When do political parties turn to terrorism? What circumstances cause political parties to embark on campaigns of terrorist violence? What causes terrorist groups to make a 'strategic choice' and abandon the bomb in favour of the ballot box? It is these topical and controversial questions which the authors of this book examine through a number of case studies including Sinn Fein and the IRA, Herri Batasuna and ETA, and the ANC and The Spear of the Nation (its armed wing). They demonstrate that political parties and terrorism have much more in common than is ordinarily supposed and discuss the ways in which the two often become linked to one another. The book examines cases where political parties engage in the conventional electoral process whilst carrying out terrorist attacks, as well as highlighting the occasions when clandestine terrorist groups establish 'political wings' in order to better convey their views to the public. Most people believe that party politics in general are at the heart of the democratic process and that democracies provide the means for the peaceful resolution of conflicts.
However, Weinberg and Pedahzur not only evidence the similarities between political parties and terrorist groups, but suggest that the transformation of the latter into peaceful political parties represents one way in which campaigns of terrorist violence may be brought to an end.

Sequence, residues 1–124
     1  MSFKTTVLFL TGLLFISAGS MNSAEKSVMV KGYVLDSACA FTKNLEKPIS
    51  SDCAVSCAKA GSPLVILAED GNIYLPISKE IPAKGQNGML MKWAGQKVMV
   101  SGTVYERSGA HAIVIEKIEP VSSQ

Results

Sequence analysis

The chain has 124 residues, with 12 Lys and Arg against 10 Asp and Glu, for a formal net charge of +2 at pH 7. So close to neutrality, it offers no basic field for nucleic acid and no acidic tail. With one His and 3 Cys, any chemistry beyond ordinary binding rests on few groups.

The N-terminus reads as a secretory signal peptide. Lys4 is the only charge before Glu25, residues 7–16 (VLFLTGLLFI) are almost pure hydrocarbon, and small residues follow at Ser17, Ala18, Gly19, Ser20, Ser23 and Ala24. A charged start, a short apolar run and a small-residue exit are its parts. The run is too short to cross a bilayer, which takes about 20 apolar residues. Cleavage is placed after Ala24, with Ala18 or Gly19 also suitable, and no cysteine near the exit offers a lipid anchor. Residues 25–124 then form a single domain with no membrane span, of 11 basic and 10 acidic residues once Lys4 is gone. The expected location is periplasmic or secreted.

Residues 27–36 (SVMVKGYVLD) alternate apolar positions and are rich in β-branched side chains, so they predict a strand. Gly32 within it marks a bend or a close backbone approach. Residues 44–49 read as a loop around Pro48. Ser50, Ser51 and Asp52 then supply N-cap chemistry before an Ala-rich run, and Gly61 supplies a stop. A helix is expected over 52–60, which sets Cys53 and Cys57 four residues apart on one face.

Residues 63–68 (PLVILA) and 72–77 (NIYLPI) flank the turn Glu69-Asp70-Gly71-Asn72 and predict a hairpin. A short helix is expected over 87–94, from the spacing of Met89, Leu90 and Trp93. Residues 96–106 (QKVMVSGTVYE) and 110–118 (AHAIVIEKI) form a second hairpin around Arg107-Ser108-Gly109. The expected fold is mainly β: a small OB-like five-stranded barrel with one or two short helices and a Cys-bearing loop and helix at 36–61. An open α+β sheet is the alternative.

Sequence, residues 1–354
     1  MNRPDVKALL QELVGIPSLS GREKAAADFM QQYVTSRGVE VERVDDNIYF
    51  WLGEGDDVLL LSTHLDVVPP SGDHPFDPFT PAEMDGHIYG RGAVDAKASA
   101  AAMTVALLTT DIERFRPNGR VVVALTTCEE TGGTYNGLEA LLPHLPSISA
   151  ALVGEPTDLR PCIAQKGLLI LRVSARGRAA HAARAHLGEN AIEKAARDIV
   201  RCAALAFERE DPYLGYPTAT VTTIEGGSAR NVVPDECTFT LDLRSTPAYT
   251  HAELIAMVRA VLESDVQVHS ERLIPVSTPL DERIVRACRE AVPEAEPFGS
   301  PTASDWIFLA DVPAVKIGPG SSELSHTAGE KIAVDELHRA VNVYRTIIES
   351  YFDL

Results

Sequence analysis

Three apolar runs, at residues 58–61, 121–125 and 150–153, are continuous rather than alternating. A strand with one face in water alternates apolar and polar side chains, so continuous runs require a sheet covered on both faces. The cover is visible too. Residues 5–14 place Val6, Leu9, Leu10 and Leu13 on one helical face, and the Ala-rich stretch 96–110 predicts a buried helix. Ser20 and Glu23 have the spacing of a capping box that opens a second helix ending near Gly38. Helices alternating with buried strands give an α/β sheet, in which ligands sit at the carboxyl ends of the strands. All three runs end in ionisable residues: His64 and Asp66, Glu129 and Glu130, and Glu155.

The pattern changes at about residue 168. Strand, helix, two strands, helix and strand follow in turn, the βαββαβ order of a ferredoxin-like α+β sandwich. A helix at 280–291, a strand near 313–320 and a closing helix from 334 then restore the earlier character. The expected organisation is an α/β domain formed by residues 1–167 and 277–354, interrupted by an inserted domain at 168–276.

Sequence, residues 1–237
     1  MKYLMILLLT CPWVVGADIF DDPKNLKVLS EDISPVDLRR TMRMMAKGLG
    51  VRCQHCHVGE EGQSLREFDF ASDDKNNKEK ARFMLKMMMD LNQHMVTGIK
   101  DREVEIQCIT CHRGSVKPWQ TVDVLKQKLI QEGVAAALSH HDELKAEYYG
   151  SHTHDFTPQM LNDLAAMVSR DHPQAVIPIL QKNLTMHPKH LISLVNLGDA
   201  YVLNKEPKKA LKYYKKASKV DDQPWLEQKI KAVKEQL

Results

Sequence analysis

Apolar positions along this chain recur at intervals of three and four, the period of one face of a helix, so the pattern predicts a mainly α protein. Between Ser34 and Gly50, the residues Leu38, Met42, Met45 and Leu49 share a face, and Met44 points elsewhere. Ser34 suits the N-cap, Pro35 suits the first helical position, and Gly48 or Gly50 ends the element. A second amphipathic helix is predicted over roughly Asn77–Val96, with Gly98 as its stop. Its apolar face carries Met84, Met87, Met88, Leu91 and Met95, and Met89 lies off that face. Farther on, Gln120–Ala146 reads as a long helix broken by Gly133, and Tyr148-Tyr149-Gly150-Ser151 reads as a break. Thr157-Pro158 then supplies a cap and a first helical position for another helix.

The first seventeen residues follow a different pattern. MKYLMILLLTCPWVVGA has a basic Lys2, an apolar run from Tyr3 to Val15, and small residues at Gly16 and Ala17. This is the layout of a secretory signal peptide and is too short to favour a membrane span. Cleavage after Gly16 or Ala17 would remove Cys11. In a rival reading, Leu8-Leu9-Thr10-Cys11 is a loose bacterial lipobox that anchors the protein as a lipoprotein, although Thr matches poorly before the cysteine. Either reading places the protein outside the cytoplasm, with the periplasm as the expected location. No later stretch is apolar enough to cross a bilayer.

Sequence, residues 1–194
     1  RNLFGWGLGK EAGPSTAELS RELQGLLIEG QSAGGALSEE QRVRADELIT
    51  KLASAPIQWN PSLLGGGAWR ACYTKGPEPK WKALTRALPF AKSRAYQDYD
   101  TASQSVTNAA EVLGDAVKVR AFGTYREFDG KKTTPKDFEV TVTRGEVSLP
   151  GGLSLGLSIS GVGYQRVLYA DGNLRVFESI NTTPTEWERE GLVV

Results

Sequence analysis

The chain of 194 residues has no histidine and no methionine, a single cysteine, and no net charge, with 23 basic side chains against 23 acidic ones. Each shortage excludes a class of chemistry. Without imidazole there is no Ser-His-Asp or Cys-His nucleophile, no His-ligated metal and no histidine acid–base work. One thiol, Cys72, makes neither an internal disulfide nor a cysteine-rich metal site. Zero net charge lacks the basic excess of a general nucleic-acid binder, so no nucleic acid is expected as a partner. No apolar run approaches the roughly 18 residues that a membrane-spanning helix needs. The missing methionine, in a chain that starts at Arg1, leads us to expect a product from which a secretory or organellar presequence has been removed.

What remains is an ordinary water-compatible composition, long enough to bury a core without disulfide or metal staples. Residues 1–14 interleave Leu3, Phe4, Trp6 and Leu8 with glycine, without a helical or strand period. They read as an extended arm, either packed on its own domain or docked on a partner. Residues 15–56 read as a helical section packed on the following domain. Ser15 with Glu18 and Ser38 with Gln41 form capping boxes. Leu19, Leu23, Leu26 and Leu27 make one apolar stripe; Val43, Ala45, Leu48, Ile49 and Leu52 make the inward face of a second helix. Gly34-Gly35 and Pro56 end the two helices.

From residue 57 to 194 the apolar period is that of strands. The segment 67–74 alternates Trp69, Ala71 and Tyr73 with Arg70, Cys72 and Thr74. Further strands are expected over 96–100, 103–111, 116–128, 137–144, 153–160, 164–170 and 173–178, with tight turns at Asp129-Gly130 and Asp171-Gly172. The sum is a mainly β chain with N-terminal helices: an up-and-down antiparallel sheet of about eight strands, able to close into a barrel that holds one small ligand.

Leornard Weinberg is Foundation Professor of Political Science at the University of Nevada. For his work in promoting Christian-Jewish reconciliation, he received the 1999 Thornton Peace Prize. His books include, The Democratic Experience and Political Violence (2001, edited with David Rappaport) and The Emergence of a Euro-American Radical Right (1998, with Jeffrey Kaplan). Ami Pedahzur is a lecturer in the Department of Political Science, University of Haifa, Israel. His publications include The Israeli Response to Jewish Extremism and Violence (2002) and The Extreme Right-Wing Parties in Israel: Emergence and Decline? (2000).